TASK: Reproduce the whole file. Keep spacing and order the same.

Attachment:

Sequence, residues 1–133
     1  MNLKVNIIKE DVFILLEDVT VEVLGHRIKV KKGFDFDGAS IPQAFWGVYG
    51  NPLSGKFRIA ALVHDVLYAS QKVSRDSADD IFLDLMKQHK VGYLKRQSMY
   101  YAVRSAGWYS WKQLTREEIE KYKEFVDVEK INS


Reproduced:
Sequence, residues 1–133
     1  MNLKVNIIKE DVFILLEDVT VEVLGHRIKV KKGFDFDGAS IPQAFWGVYG
    51  NPLSGKFRIA ALVHDVLYAS QKVSRDSADD IFLDLMKQHK VGYLKRQSMY
   101  YAVRSAGWYS WKQLTREEIE KYKEFVDVEK INS